Do you ever feel like you are in an episode of The Walking Dead? One where Rick goes out on a supply run. You are out in the wilderness, wandering, hoping to find what you need, or someone to help you or your loved ones? Or maybe just someone to talk to? You are in search of something life changing, but you are finding nothing around each turn. Sometimes it’s worse than finding nothing – there are more monsters around that corner.
Those feelings are how it goes when you, or a loved one or child, have a chronic illness. Or maybe you don’t even know what it is yet. You are just searching for answers.
You want to know why this is happening to yourself or your loved one? How come there aren’t any professionals who can provide you with answers? Where is the doctor who is supposed to help you? Or maybe even the question, how can I seem to know more than all the physicians we have seen?
Why Do We Need Support?
Feelings of isolation can lead to depression. They ultimately affect your disease, or how you handle your loved one’s disease.
Tip 1: Seek Out Others In the Same Situation
The National Institutes of Health recommends seeking out support groups, and other individuals with chronic illness or the same illness. Finding people for support helps you realize you are not the only one feeling fear, isolation, exhaustion and more. It might not be easy to find a group or others with your illness. Looking locally as well as online groups are some options.
If you have a rare/hardly talked about illness (like my Bubba), it’s a long road finding others. I started writing about our disorders to share, and maybe find others like us. Finding friends and family that understand is next. Those people who can be sympathetic and helpful are the best.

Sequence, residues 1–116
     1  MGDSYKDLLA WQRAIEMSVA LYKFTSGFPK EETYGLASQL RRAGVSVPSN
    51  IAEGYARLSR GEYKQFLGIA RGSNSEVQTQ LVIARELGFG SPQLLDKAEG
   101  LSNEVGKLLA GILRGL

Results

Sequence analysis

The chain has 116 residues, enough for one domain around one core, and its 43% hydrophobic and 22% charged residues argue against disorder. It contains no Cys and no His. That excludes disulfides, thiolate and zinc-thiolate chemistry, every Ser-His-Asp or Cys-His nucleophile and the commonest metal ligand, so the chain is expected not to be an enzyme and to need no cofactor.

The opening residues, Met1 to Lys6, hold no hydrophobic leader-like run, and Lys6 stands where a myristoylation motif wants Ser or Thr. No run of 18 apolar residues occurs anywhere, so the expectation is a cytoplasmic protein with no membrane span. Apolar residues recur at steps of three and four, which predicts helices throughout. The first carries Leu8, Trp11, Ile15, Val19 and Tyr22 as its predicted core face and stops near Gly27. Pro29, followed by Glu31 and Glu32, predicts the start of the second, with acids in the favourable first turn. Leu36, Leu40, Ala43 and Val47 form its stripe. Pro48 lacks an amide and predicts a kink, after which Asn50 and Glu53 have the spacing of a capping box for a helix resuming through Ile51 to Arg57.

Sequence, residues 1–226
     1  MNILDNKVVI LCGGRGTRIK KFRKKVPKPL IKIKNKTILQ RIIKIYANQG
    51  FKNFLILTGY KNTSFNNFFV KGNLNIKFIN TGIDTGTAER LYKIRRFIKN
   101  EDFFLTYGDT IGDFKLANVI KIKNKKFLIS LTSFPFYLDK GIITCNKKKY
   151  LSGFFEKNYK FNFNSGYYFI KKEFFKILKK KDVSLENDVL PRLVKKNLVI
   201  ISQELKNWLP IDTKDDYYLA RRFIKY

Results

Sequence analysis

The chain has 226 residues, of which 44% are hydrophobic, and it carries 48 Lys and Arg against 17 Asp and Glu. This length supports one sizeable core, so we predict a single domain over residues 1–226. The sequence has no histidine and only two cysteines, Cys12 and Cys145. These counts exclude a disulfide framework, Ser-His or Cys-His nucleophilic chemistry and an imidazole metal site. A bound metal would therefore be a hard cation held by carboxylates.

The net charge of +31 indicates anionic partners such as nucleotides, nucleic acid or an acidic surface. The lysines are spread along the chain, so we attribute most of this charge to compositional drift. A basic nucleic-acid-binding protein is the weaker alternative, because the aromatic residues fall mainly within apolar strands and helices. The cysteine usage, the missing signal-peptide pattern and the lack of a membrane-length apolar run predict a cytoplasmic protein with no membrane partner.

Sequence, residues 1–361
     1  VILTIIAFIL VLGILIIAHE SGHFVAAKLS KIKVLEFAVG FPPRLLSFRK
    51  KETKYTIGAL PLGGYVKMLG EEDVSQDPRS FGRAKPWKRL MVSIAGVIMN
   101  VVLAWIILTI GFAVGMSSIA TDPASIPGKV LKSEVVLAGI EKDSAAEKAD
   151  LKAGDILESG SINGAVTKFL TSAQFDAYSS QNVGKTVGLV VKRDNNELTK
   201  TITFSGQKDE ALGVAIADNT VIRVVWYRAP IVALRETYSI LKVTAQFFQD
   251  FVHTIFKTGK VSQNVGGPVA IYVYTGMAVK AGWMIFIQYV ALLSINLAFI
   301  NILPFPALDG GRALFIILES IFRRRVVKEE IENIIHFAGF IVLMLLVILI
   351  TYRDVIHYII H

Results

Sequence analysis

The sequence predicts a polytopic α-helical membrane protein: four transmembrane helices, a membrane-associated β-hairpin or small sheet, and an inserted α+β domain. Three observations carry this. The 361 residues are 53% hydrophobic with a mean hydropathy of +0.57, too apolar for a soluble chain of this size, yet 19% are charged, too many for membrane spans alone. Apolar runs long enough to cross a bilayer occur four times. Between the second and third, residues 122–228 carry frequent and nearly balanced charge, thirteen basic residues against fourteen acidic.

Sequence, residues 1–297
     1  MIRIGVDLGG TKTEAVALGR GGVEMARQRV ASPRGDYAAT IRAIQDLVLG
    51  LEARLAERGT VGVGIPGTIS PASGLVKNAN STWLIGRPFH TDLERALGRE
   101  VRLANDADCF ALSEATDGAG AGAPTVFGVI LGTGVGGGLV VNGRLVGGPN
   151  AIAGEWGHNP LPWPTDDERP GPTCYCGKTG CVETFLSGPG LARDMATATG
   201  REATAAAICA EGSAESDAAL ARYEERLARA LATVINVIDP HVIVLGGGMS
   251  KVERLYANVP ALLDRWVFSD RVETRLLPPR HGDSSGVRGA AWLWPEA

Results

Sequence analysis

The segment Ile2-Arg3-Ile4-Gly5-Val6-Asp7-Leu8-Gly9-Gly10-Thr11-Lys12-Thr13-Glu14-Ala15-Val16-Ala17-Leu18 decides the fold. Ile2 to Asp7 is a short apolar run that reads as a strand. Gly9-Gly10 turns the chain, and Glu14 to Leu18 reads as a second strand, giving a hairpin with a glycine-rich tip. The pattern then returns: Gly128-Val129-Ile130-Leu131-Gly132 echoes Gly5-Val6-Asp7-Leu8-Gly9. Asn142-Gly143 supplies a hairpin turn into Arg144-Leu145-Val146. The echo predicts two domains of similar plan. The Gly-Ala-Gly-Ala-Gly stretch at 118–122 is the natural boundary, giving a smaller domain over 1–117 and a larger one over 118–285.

Tip 2: Talk to Your Loved Ones & Friends
Talking about you or your loved one’s illness is so important. It’s also very difficult if nobody understands where you come from. I have found the more I share about it, the more people I can help through my experience.
Not sharing your situation only leads to more fear and misunderstanding about you or your loved one’s illness. Our fears about what others might say or think also keep us silent. Autoimmune and auto-inflammatory disorders are unusual and are hard for ourselves. Very few people understand.
Sharing with caring friends and family can be incredibly helpful in your journey to balance.
Tip 3: Educate Others About The Illness
Sharing your story will only increase awareness. Our own fears of judgment and bias often hold us back. We want to connect and for someone to understand us, but we don’t want to feel worse than we already do living with the illness.
Educating others creates understanding, less fear and more support for anyone living with illness and disease.
Tell us how you get support. What works for you?